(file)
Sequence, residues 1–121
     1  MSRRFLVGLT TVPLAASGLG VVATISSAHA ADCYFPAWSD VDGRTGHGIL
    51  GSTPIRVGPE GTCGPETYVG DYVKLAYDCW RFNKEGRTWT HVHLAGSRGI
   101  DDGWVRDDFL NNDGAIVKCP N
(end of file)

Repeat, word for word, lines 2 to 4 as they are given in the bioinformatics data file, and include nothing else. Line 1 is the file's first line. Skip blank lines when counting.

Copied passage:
     1  MSRRFLVGLT TVPLAASGLG VVATISSAHA ADCYFPAWSD VDGRTGHGIL
    51  GSTPIRVGPE GTCGPETYVG DYVKLAYDCW RFNKEGRTWT HVHLAGSRGI
   101  DDGWVRDDFL NNDGAIVKCP N